For an equation $\dot{x}=f(x)$, recall that a fixed point $\bar{x}$ is a point such that $f(\bar{x})=0$; it corresponds to a constant or stationary solution $x(t)=\bar{x}$ that is obviously defined for all $t\in\mathbb{R}$.

Consider again the logistic equation $\dot{x}=bx-dx^2$ for $x\geq 0$; it has two fixed points, namely $0$ and $b/d$. Intuitively, $0$ is an *unstable fixed point* since it ‘repulses’ solutions that start from some $x_0\in (0,b/d)$, while $b/d$ is a *stable fixed point* since it ‘attracts’ all solutions starting from $x_0$.

Time to reach a fixed point

Before studying the notion of stability, we answer a basic question that we raised in the first chapter: how long does it take to reach a fixed point $\bar{x}$ ? By the uniqueness of solutions asserted in the fundamental theorem, the answer is: an infinite amount of time ! Indeed, let $x(t)=\bar{x}$, $t\in\mathbb{R}$. Now suppose that $\tilde{x}(t)$ is a solution that starts out of the fixed point or any other fixed point and is such that there exists some finite time $t^*$ such that $\tilde{x}(t^*)=\bar{x}=x(t^*)$. By the fundamental theorem, one must have $x(t)=\tilde{x}(t)$ for all $t$ in some interval $(-\tau,\tau)$ about $t^*$. But we obtain a contradiction since $x(t)$ and $\tilde{x}(t)$ are distinct functions. Thus $t^*=\pm\infty$.

Derivative test for stability of fixed points

In order to describe the behavior of solutions near a fixed point we introduce the process of *linearization*. If $\bar{x}$ is a fixed point of the equation $\dot{x}=f(x)$ so that $f(\bar{x})=0$, we make the change of variable $u(t)=x(t)-\bar{x}$, representing the deviation of the solution from the constant solution. Substitution gives

$$ \dot{u}(t)=f(\bar{x}+u(t)) $$

and an application of Taylor’s theorem gives$$ \dot{u}(t)=f(\bar{x})+f’(\bar{x})\thinspace u(t)+\frac{f’(\xi)}{2}\thinspace (u(t))^2 $$

for some $\xi$ between $\bar{x}$ and $\bar{x}+u(t)$. Since $f(\bar{x})=0$ and setting $g(u)=\frac{f’(\xi)}{2} u^2$, we can rewrite the previous equation in the equivalent form$$ \dot{u}=f’(\bar{x})\thinspace u+g(u). $$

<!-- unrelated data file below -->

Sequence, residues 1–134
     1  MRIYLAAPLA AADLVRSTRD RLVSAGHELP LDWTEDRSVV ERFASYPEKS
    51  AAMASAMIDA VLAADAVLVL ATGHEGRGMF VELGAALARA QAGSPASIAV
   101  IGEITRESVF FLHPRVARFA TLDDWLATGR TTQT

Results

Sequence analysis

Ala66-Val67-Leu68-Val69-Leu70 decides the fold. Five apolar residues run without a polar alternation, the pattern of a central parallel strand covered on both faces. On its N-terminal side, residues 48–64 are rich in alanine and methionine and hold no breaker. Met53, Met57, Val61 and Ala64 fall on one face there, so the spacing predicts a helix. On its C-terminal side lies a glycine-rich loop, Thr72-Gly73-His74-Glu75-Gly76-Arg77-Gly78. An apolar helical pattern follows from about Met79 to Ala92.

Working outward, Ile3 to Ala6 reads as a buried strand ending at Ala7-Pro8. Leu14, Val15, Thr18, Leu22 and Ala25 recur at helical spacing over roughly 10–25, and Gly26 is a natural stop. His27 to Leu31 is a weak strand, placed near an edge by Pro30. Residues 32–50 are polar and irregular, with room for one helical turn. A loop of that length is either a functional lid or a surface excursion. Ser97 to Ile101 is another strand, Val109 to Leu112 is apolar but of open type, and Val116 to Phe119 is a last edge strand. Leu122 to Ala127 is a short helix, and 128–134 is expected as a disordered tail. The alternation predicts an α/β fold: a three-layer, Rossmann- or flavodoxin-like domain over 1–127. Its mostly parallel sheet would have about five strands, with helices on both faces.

The function $g$ is small in the sense that $g(u)/u\to 0$ as $u\to 0$. The*linearization*of the differential equation at the fixed point $\bar{x}$ is defined to be the linear differential equation

$$ \dot{v}=f’(\bar{x})\thinspace v $$

that is obtained by neglecting the higher order term $g(u)$ in $\dot{u}=f’(\bar{x})\thinspace u+g(u)$. This linear equation was the first we met in this ebook and it is easy to solve: the solution is $v(0)\ \exp\big(\thinspace f’(\bar{x})\thinspace t\big)$: if $f’(\bar{x})>0$, the solution grows exponentially, as $t\to+\infty$; if $f’(\bar{x})<0$, it decays exponentially; if $f’(\bar{x})=0$, it is constantly equal to $v(0)$.We now define two notions of stability. Informally, we say that a fixed point is *stable* if starting close (enough) guarantees that you stay close. We say that it is *asymptotically stable* if all sufficiently small initial deviations produce small excursions that eventually return to the fixed point.

Formally this means the following.

We say that $\bar{x}$ is *stable* if, for any (arbitrarily small) $\epsilon>0$, there exists a $\delta>0$ (depending on $\epsilon$) such that, for all initial conditions $x(0)=x_0$ satisfying $|x_0-\bar{x}|<\delta$, we have $|x(t)-\bar{x}|<\epsilon$ for all $t>0$.

We say that $\bar{x}$ is *asymptotically stable* if it is stable and if there exists a $\rho>0$ such that

$$ \lim_{t\to+\infty} |x(t)-\bar{x}|=0 $$

for all $x_0$ satisfying $|x_0-\bar{x}|<\rho$.The obvious question is: is a given fixed point stable or unstable? The following theorem answers this question in a way that shouldn’t surprise you.

**Theorem.** *Suppose that $\bar{x}$ is a fixed point and that $f’(\bar{x})\neq 0$. Then it is asymptotically stable if $f’(\bar{x})<0$, and unstable if $f’(\bar{x})>0$.
*

Coming back to the logistic equation $\dot{x}=bx-dx^2$ ($b,d>0$), it is clear that $0$ is unstable and $b/d$ is asymptotically stable. This is of course confirmed by the theorem: since $f’(0)=b>0$ and $f’(b/d)=-b<0$.

In most examples, we are able to ascertain the *local stability* of fixed *by graphical inspection*, hence the previous theorem seems only to confirm what is obvious from a graphical study. But it says more: we now have a measure of how stable is a fixed point by looking at the magnitude of $f’(\bar{x})$. This magnitude plays the role of an exponential growth or decay rate. Its reciprocal $1/|f’(\bar{x})|$ is a characteristic time scale determining the time required for $x(t)$ to vary significantly in the neighborhood of $\bar{x}$.

It is not surprising that the theorem does not allow to conclude in the case where $f’(\bar{x})=0$; we have to look for the next nonzero order term in Taylor’s expansion.

The derivative test prefigures what we can do for a higher-dimensional system: the qualitative behavior near fixed points should be predicted by looking at the linear approximation of the system.